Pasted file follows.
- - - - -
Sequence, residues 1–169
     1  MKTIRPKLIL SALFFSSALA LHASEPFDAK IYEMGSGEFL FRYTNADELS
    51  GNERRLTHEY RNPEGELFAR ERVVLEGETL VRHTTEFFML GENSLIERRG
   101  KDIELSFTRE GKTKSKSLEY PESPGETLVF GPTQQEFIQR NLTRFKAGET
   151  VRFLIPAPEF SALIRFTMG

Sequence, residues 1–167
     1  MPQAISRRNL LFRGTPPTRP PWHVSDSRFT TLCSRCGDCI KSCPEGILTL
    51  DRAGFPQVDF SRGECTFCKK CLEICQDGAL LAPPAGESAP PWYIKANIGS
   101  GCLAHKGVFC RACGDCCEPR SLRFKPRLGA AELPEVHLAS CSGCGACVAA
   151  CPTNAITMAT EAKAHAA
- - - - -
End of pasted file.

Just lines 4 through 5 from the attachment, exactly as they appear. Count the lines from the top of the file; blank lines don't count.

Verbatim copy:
   101  KDIELSFTRE GKTKSKSLEY PESPGETLVF GPTQQEFIQR NLTRFKAGET
   151  VRFLIPAPEF SALIRFTMG